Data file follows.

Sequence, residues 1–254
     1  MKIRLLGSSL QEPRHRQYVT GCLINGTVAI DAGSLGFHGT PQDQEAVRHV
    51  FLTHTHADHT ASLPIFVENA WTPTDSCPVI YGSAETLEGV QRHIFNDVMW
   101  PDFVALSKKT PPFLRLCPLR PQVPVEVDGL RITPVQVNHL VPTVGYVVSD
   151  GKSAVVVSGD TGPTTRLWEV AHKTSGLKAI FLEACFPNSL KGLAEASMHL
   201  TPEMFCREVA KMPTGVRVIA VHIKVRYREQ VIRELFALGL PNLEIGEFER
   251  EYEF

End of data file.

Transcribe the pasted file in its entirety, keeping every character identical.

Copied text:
Sequence, residues 1–254
     1  MKIRLLGSSL QEPRHRQYVT GCLINGTVAI DAGSLGFHGT PQDQEAVRHV
    51  FLTHTHADHT ASLPIFVENA WTPTDSCPVI YGSAETLEGV QRHIFNDVMW
   101  PDFVALSKKT PPFLRLCPLR PQVPVEVDGL RITPVQVNHL VPTVGYVVSD
   151  GKSAVVVSGD TGPTTRLWEV AHKTSGLKAI FLEACFPNSL KGLAEASMHL
   201  TPEMFCREVA KMPTGVRVIA VHIKVRYREQ VIRELFALGL PNLEIGEFER
   251  EYEF